12. 12. Physiology of Gastric Secretion  A series of pathways that inhibit gastric acid production are also set into motion during these phases.  The GI hormone somatostatin is released from endocrine cells found in the gastric mucosa (D cells) in response to HCl.  Additional neural (central and peripheral) and humoral [amylin, atrial natriuretic peptide (ANP), cholecystokinin, ghrelin, obestatin, secretin, and serotonin] factors play a role in counterbalancing acid secretion. Harrison's Principles of Internal Medicine. 18th Ed.
  13. 13. Physiology of Gastric Secretion  The acid-secreting parietal cell is located in the oxyntic gland. This unique cell also secretes intrinsic factor (IF).  The parietal cell expresses receptors for several stimulants of acid secretion:  Histamine (H2),  Gastrin (cholecystokinin B/gastrin receptor)  Acetylcholine (muscarinic, M3).  Each of these signaling will control the acid-secreting pump, H+,K+-ATPase. Harrison's Principles of Internal Medicine. 18th Ed.
  14. 14. The Chief Cell  The chief cell, synthesizes and secretes pepsinogen, the inactive precursor of the proteolyticenzyme pepsin.  The acid environment within the stomach leads to cleavage of the inactive precursor to pepsin and provides the low pH (<2) required for pepsin activity. Harrison's Principles of Internal Medicine. 18th Ed.
  15. 15. Pathophysiologic Basis of Peptic Ulcer Disease  PUD encompasses both gastric and duodenal ulcers. Ulcers are defined as breaks in the mucosal surface >5 mm in size, with depth to the submucosa. Harrison's Principles of Internal Medicine. 18th Ed.
  16. 16. Epidemiology Duodenal Ulcers  6–15% of the Western population.  The incidence of DUs declined steadily from 1960  Eradication of H. pylori has greatly reduced these recurrence rates. Gastric Ulcers  GUs tend to occur later in life than duodenal lesions (sixth decade).  Autopsy studies suggest a similar incidence of DUs and GUs. Harrison's Principles of Internal Medicine. 18th Ed.
  17. 17. Pathology Duodenal Ulcers  DUs occur most often in the first portion of the duodenum (>95%), with ~90% located within 3 cm of the pylorus.  Malignant DUs are extremely rare. Gastric Ulcers  In contrast to DUs, GUs can represent a malignancy and should be biopsied upon discovery.  Benign GUs are most often found distal to the junction between the antrum and the acid secretory mucosa.  Benign GUs are quite rare in the gastric fundus and are histologically similar to DUs. Benign GUs associated with H. pylori are also associated with antral gastritis. Harrison's Principles of Internal Medicine. 18th Ed.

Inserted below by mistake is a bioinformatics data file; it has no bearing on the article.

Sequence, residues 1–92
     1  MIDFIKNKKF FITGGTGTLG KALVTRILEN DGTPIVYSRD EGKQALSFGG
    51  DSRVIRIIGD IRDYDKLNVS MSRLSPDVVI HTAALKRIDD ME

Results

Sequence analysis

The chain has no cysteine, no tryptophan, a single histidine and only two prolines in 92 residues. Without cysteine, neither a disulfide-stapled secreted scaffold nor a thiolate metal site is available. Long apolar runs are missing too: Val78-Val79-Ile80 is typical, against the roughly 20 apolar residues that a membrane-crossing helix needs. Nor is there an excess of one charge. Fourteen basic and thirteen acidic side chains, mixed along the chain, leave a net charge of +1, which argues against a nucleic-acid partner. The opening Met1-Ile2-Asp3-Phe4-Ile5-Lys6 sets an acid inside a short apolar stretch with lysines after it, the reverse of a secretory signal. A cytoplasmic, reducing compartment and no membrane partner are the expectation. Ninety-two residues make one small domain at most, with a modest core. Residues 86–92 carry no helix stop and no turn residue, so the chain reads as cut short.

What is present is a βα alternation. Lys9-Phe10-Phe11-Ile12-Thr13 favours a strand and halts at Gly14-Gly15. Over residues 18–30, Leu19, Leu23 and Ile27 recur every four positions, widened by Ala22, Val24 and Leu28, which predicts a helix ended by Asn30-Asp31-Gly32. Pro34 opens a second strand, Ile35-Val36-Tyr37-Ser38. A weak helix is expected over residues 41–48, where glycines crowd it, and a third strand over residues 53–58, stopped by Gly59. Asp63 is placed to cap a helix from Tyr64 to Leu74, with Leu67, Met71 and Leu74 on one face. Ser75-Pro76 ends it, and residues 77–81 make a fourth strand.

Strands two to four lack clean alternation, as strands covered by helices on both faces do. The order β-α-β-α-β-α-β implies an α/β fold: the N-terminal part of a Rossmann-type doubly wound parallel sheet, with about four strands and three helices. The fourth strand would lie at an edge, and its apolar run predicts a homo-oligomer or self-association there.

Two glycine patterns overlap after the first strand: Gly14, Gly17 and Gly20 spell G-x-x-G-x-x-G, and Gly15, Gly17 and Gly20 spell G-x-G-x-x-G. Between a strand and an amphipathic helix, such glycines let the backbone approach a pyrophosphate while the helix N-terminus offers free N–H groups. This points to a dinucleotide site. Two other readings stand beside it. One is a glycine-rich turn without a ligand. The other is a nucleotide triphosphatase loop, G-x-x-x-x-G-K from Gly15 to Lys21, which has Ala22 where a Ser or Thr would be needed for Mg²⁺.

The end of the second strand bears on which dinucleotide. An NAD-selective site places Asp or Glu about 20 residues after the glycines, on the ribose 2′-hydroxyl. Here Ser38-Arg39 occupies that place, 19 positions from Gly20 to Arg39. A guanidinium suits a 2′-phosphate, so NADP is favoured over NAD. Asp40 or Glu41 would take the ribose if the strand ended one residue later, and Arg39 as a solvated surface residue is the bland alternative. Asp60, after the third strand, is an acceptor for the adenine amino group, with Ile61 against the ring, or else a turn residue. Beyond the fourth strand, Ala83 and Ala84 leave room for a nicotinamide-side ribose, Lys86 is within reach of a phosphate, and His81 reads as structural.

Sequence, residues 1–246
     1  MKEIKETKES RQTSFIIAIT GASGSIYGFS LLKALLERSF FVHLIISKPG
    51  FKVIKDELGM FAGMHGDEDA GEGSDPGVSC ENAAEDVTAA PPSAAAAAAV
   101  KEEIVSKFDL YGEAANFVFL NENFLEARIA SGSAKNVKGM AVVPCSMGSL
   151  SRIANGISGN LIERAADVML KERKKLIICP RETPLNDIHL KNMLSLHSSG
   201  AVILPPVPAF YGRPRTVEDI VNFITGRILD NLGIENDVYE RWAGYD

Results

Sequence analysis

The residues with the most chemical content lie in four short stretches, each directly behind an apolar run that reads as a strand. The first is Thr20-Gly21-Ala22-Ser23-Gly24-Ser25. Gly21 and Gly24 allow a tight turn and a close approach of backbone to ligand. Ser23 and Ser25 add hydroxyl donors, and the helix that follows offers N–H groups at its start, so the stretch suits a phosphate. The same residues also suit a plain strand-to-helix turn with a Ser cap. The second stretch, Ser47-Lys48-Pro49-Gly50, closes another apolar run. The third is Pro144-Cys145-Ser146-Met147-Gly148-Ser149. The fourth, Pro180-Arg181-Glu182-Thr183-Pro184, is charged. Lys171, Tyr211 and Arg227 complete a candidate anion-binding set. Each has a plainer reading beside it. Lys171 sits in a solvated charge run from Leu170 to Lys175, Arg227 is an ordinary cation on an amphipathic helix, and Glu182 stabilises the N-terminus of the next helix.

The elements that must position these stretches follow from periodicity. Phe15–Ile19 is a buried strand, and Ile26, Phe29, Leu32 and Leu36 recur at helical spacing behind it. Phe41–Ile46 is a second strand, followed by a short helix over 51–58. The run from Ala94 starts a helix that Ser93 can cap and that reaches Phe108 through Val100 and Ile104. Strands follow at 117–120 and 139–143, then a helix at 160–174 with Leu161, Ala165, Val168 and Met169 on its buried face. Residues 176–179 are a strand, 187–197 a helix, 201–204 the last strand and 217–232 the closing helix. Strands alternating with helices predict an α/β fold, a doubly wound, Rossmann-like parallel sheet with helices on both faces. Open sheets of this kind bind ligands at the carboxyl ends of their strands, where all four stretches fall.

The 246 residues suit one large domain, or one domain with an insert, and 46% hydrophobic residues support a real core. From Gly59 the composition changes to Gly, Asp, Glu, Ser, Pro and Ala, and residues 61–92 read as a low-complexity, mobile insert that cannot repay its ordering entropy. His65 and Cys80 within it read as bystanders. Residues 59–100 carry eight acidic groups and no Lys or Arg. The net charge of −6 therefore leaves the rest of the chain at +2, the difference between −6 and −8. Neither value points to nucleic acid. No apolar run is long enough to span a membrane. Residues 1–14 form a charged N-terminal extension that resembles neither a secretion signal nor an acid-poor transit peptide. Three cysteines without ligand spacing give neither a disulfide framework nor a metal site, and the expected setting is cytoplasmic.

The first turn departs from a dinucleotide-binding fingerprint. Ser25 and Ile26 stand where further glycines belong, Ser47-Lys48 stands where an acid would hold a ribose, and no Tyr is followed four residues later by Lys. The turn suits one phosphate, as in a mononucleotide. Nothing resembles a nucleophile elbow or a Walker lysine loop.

18. 18. Pathophysiology Duodenal Ulcers  H. pylori and NSAID-induced injury account for the majority of DUs Gastric Ulcers  As in DUs, the majority of GUs can be attributed to either H. pylori or NSAID-induced mucosal damage.  Abnormalities in resting and stimulated pyloric sphincter pressure with a concomitant increase in duodenal gastric reflux have been implicated in some GU patients. Harrison's Principles of Internal Medicine. 18th Ed.
  19. 19. H. Pylori and Acid Peptic Disorders Harrison's Principles of Internal Medicine. 18th Ed.
  20. 20. NSAID-Induced Disease Harrison's Principles of Internal Medicine. 18th Ed.
  21. 21. Harrison's Principles of Internal Medicine. 18th Ed.
  22. 22. Clinical Features Epigastric pain:  The typical pain pattern in DU occurs 90 minutes to 3 hours after a meal and is frequently relieved by antacids or food. Pain that awakes the patient from sleep (between midnight and 3 A.M.)  The pain pattern in GU patients may be different from that in DU patients, where discomfort may actually be precipitated by food. Harrison's Principles of Internal Medicine. 18th Ed.
  23. 23. Benign duodenal ulcer Harrison's Principles of Internal Medicine. 18th Ed.
  24. 24. Benign duodenal ulcer Harrison's Principles of Internal Medicine. 18th Ed.
  25. 25. Benign gastric ulcer Harrison's Principles of Internal Medicine. 18th Ed.
  26. 26. Tests for Detection of H. Pylori Harrison's Principles of Internal Medicine. 18th Ed.
  27. 27. Harrison's Principles of Internal Medicine. 18th Ed.
  28. 28. Harrison's Principles of Internal Medicine. 18th Ed.
  29. 29. Harrison's Principles of Internal Medicine. 18th Ed.
  30. 30. Harrison's Principles of Internal Medicine. 18th Ed.
  31. 31. Harrison's Principles of Internal Medicine. 18th Ed.
  32. 32. Specific Operations for Duodenal Ulcers  Operations most commonly performed include:  (1) Vagotomy and drainage (by pyloroplasty, gastroduodenostomy, or gastrojejunostomy)  (2) Highly selective vagotomy (which does not require a drainage procedure)  (3) Vagotomy with antrectomy. Harrison's Principles of Internal Medicine. 18th Ed.
  33. 33. Harrison's Principles of Internal Medicine. 18th Ed.